How to Find, Fix and Prevent Window Water Leaks

leaking window

A leaking window can spell big trouble – whether that’s causing damp in the home or even structural problems.

However, by identifying and fixing leaks at the earliest opportunity, you can limit the damage they cause and keep your home warm and dry.

How to Find Window Leaks

You might assume that spotting a leaking window would be easy. If it rains and there’s water on the inside of the window, then you’ve got a leak – what could be simpler?

However, windows leaking water aren’t always that obvious. By being a little proactive, you can stop a small problem from becoming a very big problem – after all, most of us aren’t going to notice a few droplets of water unless we go looking for them.

That’s why it’s worth checking for leaks from time-to-time, particularly during winter. One of the easiest ways to do this is with a special heat-measuring device that emits a beep when it’s pointed at a leak.

You might find that a leak of just a few droplets is worse than it at first appears, particularly if it’s been left unnoticed for a long time. Where leaks occur inside a wall, the moisture will be quickly absorbed, so you won’t notice there’s a problem until unsightly splotches begin to appear.

The most vulnerable area of the window is the space where it meets the wall. This should be sealed to keep out moisture, but this seal can degrade over time, and must be periodically refreshed. The same applies to the rubber which holds the glazing in the frame, and the paint which seals a timber window in position.

What Causes Window Leaks?

The location of your leak will give you a fair indication of what’s caused it. A leak in the top of the window indicates a leak in the wall overhead – not the window. Windows leaking water beneath the frame, on the other hand, will probably indicate a problem with the window itself.

A lack of sealant around the edge of the window isn’t the only factor at work here. The problem can often be exacerbated by the building. If there isn’t enough overhang on the roof, then water will drip back onto the wall, gradually eroding the sealant every time it rains. If the fascia board (the bit that sits just beneath the edge of the roof) is angled toward the house rather than away from it, you’ll get the same problem.

Other issues relate to poor installation methods and materials. Windows should be sealed using window flashing rather than typical building paper. This will create a water-resistant seal that’ll protect the window. By the same token, if your windows have been poorly installed, gaps can quickly begin to appear between the frame and surrounding wall.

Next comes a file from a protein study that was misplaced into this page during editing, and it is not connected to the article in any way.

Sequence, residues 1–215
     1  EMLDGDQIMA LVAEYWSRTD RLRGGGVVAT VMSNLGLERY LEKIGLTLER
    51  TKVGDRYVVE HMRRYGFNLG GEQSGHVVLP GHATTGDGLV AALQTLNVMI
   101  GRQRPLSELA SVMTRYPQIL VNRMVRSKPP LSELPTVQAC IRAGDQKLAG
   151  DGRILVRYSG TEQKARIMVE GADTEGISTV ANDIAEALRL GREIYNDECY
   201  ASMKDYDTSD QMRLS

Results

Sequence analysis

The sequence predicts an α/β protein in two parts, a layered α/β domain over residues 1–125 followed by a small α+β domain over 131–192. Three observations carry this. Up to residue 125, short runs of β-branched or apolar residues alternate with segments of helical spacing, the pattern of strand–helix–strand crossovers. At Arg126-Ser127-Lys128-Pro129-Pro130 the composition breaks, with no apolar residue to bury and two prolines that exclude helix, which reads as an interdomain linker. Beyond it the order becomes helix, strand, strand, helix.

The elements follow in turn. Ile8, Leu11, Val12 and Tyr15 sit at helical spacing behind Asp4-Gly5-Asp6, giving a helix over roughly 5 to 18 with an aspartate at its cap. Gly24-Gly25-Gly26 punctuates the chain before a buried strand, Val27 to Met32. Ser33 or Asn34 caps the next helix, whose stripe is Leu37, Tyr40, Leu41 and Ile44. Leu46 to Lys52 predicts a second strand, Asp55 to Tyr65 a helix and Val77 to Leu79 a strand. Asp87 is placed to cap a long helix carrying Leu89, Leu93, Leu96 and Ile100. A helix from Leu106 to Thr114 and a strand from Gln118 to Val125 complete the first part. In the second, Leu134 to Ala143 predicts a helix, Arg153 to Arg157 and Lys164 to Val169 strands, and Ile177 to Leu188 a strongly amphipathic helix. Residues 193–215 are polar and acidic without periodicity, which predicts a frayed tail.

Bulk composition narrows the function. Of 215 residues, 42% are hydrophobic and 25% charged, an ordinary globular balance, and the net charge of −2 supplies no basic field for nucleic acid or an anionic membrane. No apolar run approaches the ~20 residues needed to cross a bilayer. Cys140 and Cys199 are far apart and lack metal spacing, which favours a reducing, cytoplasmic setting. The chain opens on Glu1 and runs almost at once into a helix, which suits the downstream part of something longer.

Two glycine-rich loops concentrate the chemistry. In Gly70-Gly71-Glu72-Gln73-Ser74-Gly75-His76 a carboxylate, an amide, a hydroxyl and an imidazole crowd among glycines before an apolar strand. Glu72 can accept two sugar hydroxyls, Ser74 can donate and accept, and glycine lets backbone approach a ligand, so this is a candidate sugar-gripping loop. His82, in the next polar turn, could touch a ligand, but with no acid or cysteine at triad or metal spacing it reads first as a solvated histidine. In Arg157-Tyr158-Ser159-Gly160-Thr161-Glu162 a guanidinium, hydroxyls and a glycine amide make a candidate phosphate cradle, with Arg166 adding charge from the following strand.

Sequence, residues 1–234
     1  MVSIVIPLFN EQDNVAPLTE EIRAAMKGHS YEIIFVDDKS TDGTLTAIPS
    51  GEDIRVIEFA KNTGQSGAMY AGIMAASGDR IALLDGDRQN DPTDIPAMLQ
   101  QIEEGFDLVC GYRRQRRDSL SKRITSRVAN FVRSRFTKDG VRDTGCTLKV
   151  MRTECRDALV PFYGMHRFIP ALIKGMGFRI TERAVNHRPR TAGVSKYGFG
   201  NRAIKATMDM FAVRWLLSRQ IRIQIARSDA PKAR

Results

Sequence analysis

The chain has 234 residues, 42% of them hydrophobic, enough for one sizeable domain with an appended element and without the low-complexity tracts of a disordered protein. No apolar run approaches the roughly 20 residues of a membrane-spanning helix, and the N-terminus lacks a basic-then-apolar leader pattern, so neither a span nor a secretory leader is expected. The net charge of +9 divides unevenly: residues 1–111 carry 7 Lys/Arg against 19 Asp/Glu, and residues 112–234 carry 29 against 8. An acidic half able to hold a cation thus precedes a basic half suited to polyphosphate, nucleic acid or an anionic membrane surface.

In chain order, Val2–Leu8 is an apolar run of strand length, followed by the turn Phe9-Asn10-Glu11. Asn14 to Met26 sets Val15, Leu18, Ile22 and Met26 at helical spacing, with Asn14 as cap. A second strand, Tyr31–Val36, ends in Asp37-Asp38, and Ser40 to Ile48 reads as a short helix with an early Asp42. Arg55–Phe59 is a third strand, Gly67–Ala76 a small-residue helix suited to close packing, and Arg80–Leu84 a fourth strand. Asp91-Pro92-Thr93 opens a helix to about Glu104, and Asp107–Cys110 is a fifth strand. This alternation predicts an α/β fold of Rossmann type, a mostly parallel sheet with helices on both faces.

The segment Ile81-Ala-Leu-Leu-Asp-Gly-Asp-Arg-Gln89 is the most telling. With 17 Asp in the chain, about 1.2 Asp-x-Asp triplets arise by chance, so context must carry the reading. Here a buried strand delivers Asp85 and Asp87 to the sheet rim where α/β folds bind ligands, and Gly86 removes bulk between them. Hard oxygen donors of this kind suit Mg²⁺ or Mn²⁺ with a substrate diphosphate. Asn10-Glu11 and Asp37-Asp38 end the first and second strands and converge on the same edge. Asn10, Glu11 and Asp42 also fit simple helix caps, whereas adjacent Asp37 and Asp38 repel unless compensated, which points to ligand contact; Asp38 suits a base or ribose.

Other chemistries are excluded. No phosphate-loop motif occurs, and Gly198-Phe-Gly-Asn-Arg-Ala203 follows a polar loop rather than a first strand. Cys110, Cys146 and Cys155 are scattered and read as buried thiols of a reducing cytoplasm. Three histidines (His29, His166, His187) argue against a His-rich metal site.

How Do I Fix Window Leaks?

Fixing a leaky window frame is often a simple matter of resealing the window. This means stripping away the existing sealant and applying a new layer. Sealant guns are inexpensive, and make the job as easy as pointing the nozzle into the gap and squeezing the trigger. Before the sealant has a chance to dry, spread it using a knife so that it covers the entire gap. You’ll want to check that the window is entirely sealed before you call the job done.

Occasionally however, the problem might be so severe that the window needs replacing – generally when the seal around the glazing itself has failed. While it’s possible to reseal windows damaged in this way, it’s impossible to put the argon gas back into a double-glazed window once it’s escaped. As such, it’s worth replacing your window ASAP.

Another sure sign your windows need replacing is when the leaking has spread beyond the window, and the surrounding structure of the building has been compromised.

How Can I Prevent My Windows Leaking?

No window lasts forever, so you can be fairly certain that your window will fail at some point. It’s therefore worth inspecting every window in your home once a month or so. Check that the exterior sill is angled away from the window so that water can freely drain away, rather than collecting in a puddle.

Timber windows will need more frequent attention than uPVC windows, as uPVC is resistant to water by nature. You’ll want to periodically refinish your timber windows to help keep out moisture. The same goes for the drainage channel on hung windows – these can become blocked by fallen leaves and other debris, which will prevent water from draining away from the window.

You can often prevent window leaks by paying attention to the roof overhead – especially if it’s flat. As water pools on certain sorts of plastic roof, it can cause the surface to deform until the water cannot escape. The weight of the pooling water will then create enough pressure to cause a leak.

Saying that, sloped, tiled roofs aren’t immune, either; inspect them for gaps and damaged tiles, and re-seal vulnerable areas.

When leaks do occur, it’s worth bringing in a professional to identify the exact nature of the problem. This will save you considerable time and stress in the long-term.

Is your leak so severe you need new windows? Start shopping for our casement or sliding sash windows or talk to us about our bespoke window range.

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